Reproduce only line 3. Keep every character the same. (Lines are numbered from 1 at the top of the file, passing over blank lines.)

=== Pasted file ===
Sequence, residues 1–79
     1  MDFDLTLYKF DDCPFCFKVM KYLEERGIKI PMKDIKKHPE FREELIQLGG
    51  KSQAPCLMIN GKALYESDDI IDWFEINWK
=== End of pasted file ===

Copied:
    51  KSQAPCLMIN GKALYESDDI IDWFEINWK